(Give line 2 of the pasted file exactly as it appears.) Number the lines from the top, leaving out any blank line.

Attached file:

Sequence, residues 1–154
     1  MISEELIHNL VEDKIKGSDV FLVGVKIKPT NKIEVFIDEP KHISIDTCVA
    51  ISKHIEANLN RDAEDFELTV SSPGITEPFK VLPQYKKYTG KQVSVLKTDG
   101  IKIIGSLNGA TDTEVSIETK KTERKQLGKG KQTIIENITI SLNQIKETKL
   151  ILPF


     1  MISEELIHNL VEDKIKGSDV FLVGVKIKPT NKIEVFIDEP KHISIDTCVA